In addition to affecting the number of total amylolytic bacteria, starch source affected the number of lactobacilli and GPC bacteria. At both the high and low level of starch intake, corn resulted in an increase in GPC bacteria, while adding oats to the diet resulted in a decrease in GPC bacteria. As observed for total amylolytic bacteria, the response of the GPC bacteria to wheat middlings was more similar to the response observed with corn than with oats. The proliferation of GPC has previously been reported in response to increasing the amount of barley starch in the diet [13, 14, 15]. Barley is generally considered to be similar to corn in regard to small intestinal starch digestibility . The GPC numbers in these latter studies were reported as streptococci. However, bile esculin azide agar also permits the growth of other GPC. Thus, we report the results as GPC, but the results are comparable to “streptococci” in the previous studies. Streptococci have also been shown to proliferate in response to increasing dietary oligofructose , but an increase in streptococci in response to feeding oats has been less consistently reported. Kern et al. (1973) did not observe an increase in cecal streptococci when oats were added to hay-based diets . However, Willing et al. (2009) reported that total lactic acid producing bacteria, including streptococci, increased in the feces when oats were substituted for forage in the diet of horses .
The number of lactobacilli in the feces of horses fed HO, LO and LW increased during the sampling period. Conversely, the number of lactobacilli in the feces of horses fed corn decreased during the sampling period. Consequently, it appears that although all starch sources stimulated an increase in the number of total amylolytic bacteria, there were differences in which amylolytic bacteria proliferated in response to each starch source. These results are consistent with a previous in vitro study that demonstrated that oats promoted lactobacilli proliferation while corn promoted GPC proliferation in equine fecal cell suspensions .
In the current study, when the viable number of GPC and lactobacilli were combined the total viable number was approximately equal to the viable number of total amylolytic bacteria observed in hay and oat fed horses. However, lactobacilli and GPC did not account for 99.99% of the amylolytic bacteria in horses fed corn and wheat middlings, which increased by as much as 100,000-fold when grain feeding began. These observations resulted in the hypothesis that particular predominant amylolytic bacteria would be selected for by starch source. To investigate this hypothesis, the predominant fecal amylolytic bacteria isolated from the horses in this study were identified and characterized.
Although most isolates were similar in morphology, Gram-stain, and substrate utilization, sequence (16S) analysis revealed that the identity of the isolates varied greatly depending on treatment. Most (64%) of the amylolytic isolates were identified as E. faecalis, including 52% of the amylolytic isolates in SO (hay-only diet) fecal samples. These results are the first, to our knowledge, that identify E. faecalis as a predominant amylolytic bacterium in equine feces. Furthermore, there were associations between treatment, sample day and the predominance of E. faecalis. E. faecalis was the predominant amylolytic bacterium in both corn and wheat middling fed horses with a greater frequency of isolation observed with increasing starch intake. In contrast, oat fed horses had a variety of predominant amylolytic bacteria with the frequency of E. faecalis isolation decreasing with increasing starch intake. These results are also consistent with a previous in vitro study that identified E. faecalis as the predominant amylolytic in corn and wheat fermentations but not in oat fermentations .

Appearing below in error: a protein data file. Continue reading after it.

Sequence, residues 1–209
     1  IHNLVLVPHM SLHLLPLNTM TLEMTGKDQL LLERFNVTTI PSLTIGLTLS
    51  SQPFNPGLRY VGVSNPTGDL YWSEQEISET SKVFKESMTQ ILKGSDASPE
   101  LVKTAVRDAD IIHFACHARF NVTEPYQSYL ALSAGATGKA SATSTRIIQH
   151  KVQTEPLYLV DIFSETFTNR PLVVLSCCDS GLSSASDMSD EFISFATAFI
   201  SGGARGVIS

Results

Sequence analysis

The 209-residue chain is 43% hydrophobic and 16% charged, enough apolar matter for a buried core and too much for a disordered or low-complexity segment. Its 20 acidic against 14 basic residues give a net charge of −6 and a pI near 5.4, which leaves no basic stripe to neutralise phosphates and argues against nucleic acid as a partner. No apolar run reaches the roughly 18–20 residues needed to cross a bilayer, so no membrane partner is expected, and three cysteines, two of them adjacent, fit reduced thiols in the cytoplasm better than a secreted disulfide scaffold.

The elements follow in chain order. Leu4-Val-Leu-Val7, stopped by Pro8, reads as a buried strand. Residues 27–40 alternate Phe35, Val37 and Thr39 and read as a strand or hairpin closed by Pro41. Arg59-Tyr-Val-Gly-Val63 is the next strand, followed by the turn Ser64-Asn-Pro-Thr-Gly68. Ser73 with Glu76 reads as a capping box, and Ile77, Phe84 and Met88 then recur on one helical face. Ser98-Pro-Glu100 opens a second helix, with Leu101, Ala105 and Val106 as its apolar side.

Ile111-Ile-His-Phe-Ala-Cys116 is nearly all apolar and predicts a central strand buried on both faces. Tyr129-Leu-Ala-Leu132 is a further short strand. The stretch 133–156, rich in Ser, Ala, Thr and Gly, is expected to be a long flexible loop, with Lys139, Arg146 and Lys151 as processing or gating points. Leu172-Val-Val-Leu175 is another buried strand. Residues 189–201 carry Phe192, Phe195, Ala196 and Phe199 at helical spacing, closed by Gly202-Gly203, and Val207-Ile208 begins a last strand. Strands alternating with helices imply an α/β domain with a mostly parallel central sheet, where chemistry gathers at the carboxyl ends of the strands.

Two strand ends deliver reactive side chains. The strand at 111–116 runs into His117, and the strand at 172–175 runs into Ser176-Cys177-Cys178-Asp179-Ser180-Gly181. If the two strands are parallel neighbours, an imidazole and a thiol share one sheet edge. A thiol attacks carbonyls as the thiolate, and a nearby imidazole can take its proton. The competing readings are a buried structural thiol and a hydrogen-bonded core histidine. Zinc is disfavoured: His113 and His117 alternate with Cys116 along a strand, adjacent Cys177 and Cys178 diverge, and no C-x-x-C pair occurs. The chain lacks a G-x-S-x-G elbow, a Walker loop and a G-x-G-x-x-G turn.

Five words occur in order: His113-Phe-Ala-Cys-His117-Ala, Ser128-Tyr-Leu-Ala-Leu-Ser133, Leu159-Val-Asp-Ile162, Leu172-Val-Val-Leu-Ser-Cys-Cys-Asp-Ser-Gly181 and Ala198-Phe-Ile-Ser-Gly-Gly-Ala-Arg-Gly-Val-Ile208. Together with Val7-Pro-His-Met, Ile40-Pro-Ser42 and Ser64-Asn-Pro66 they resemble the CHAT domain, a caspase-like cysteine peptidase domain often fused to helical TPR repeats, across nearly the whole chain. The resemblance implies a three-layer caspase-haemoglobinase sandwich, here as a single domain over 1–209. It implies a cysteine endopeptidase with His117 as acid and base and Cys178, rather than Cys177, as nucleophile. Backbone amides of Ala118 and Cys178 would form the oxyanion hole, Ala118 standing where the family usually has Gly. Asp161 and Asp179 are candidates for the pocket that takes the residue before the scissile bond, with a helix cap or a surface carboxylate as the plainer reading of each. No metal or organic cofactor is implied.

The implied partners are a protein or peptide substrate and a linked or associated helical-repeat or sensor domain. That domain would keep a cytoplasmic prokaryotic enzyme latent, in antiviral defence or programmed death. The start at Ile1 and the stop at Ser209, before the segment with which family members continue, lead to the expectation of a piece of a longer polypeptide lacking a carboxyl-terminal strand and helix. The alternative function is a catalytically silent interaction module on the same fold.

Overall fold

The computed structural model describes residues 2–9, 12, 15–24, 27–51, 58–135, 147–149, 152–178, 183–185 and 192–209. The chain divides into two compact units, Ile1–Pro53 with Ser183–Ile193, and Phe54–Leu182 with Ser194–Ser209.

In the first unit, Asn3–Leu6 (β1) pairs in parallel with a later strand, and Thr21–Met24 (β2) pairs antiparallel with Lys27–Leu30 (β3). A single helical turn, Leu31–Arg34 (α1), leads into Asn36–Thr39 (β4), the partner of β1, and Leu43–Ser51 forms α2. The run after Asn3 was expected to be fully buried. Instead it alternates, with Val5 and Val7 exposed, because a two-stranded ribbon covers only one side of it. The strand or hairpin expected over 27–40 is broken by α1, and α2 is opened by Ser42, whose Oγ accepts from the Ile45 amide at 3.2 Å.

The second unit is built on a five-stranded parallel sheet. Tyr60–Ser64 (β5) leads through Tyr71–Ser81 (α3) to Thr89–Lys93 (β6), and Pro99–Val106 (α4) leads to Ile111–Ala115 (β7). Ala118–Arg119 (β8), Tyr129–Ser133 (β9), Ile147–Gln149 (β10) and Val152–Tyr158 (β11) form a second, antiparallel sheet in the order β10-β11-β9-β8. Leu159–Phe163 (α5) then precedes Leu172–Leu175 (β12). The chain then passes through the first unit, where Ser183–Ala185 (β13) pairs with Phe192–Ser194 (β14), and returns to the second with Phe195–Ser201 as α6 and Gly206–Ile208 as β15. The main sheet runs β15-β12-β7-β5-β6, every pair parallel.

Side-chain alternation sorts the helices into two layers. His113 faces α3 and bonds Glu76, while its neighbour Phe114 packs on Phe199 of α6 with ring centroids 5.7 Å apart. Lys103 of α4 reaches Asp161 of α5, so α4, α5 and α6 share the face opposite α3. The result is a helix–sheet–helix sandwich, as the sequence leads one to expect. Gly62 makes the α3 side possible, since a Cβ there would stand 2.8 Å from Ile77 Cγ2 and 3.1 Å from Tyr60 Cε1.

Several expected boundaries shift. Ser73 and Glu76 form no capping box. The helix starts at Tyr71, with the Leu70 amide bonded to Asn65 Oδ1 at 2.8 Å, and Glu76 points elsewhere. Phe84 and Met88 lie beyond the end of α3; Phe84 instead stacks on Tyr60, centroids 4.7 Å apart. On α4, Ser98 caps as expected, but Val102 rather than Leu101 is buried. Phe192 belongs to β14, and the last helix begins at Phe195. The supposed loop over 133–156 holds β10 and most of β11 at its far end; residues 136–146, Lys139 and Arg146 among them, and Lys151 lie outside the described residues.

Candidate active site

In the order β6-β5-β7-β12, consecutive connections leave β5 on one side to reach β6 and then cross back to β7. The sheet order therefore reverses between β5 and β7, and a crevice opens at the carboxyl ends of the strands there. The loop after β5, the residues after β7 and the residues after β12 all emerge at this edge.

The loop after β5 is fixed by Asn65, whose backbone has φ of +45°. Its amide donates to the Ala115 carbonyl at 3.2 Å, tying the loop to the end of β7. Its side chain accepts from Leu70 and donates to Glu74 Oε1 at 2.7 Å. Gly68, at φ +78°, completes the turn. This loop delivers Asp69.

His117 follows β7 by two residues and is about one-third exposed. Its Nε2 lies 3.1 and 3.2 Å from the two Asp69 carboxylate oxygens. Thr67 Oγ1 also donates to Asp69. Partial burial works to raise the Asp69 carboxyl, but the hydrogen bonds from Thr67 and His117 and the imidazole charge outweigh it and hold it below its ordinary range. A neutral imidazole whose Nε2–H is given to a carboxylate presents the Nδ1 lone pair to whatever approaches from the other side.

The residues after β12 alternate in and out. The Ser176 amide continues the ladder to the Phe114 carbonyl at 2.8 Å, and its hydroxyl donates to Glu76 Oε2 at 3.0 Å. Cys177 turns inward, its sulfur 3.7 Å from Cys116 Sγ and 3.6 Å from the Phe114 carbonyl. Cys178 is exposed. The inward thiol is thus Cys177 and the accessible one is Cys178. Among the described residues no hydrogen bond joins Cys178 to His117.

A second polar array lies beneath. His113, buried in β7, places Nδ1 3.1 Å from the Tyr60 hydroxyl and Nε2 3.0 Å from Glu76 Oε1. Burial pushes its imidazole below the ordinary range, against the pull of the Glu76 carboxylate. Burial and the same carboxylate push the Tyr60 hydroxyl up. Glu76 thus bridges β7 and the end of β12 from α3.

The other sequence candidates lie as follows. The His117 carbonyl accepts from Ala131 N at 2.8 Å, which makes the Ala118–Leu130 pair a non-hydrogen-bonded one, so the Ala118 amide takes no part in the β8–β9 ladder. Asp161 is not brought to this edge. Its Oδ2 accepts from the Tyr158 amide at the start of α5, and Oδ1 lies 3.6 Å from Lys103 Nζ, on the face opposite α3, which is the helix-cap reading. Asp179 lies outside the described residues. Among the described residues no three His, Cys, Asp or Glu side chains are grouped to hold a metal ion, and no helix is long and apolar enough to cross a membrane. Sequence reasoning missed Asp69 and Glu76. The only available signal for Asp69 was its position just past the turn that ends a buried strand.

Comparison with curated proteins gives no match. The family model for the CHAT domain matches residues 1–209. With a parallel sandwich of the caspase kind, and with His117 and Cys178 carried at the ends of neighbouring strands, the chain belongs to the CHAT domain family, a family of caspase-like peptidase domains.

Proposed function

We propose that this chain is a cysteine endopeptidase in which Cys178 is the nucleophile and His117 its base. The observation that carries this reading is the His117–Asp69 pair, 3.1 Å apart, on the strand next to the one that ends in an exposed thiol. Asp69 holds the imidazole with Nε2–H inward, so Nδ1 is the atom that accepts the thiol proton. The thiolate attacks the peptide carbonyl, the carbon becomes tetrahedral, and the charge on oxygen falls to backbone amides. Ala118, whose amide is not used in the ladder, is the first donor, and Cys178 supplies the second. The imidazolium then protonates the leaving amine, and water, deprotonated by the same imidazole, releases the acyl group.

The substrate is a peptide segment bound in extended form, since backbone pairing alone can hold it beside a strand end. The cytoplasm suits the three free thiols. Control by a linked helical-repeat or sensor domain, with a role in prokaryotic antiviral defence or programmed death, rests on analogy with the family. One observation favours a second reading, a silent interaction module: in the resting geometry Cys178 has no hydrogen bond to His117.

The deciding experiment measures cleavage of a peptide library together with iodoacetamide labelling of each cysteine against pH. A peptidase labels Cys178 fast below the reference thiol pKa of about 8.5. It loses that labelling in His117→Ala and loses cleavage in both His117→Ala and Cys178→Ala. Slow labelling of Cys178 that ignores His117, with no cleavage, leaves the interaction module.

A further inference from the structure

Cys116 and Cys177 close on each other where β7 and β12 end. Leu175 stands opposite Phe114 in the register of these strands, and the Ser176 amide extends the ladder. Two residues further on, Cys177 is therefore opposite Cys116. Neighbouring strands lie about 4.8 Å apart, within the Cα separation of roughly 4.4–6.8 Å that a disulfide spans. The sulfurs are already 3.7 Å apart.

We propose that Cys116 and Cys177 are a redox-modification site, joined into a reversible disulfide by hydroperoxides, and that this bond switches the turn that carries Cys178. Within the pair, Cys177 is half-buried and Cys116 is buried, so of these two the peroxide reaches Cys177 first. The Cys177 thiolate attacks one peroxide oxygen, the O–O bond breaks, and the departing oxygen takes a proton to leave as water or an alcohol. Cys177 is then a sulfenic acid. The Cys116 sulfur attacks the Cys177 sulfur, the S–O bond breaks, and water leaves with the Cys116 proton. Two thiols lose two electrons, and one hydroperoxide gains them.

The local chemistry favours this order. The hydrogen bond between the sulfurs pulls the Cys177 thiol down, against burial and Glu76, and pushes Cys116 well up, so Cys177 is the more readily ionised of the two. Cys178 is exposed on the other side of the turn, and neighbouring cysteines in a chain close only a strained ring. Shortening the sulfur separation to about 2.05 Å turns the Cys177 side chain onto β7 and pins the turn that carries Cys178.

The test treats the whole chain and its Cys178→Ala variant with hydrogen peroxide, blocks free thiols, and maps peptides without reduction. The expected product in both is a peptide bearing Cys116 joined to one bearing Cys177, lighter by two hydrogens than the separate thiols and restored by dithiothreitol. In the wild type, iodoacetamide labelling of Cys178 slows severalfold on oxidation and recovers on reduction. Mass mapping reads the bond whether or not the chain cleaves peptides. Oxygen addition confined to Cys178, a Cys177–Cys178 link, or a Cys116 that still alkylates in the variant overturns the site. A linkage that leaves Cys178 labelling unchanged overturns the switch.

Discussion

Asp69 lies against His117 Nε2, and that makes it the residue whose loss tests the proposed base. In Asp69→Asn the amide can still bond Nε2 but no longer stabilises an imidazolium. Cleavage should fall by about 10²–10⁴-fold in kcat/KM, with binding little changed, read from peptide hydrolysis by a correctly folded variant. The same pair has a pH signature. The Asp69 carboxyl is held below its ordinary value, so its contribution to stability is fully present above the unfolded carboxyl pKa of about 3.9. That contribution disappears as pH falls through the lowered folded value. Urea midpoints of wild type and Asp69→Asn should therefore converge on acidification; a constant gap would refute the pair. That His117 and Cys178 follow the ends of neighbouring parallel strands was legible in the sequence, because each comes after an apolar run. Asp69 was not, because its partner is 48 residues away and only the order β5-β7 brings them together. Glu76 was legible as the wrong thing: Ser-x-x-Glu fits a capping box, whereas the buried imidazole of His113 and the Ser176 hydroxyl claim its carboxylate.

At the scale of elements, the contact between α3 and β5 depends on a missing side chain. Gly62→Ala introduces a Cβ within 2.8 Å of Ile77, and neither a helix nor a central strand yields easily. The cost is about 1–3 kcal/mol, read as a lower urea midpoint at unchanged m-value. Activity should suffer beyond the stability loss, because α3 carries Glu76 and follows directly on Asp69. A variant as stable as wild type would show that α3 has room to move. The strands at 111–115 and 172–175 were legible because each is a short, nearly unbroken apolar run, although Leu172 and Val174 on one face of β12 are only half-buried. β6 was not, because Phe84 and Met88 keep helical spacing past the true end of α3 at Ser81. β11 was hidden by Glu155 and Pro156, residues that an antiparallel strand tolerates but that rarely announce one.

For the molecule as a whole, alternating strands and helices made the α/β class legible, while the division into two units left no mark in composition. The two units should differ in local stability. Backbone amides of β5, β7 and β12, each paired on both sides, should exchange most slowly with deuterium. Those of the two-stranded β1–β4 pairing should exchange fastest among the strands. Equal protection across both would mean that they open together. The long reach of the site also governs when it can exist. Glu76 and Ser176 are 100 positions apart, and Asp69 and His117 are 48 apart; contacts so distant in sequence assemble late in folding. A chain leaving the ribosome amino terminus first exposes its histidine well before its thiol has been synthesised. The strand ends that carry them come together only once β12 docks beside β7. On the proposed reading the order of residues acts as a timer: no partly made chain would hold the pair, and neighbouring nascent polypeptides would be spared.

All E. faecalis isolates in the current study were able to utilize esculin as a sole carbon source, which is typical of the species . However, E. faecalis isolated from HC, LC and LW horses on S1 and S2 were not enumerable on bile esculin azide agar, indicating that these isolates are susceptible to the antimicrobial action of bile and azide. Bile esculin azide agar is routinely used in equine studies for the selective enumeration of amylolytic bacteria [8, 18, 24, 32]. However, based on the results of the current study, bile esculin azide agar is not a sufficient medium for detecting predominant amylolytic bacteria under certain conditions. A non-selective media type with starch as the sole growth substrate, like the basal medium + soluble starch utilized in the current study, might enhance detection of amylolytic bacteria from equine feces.
Enterococcus faecalis, previously classified as Streptococcus faecalis, is a Gram-positive, non-spore forming, facultative anaerobic bacterium that is indigenous to the gastrointestinal tract [34, 35, 36]. Enterococci are among the most common nosocomial pathogens . They produce several virulence factors and possess a broad spectrum of intrinsic and transferable antibiotic resistance mechanisms . E. faecalis is extremely pH-tolerant, oxygen-tolerant, has the ability to produce bacteriocins and other small antimicrobial molecules, and has a broad metabolic capacity (saccharolytic, proteolytic and lipolytic functionality) allowing it to grow in most environments [36, 38]. Additionally, E. faecalis has the ability to produce amines and proteinases and could, therefore, play an important role in the development of several starch-overload related health conditions in horses .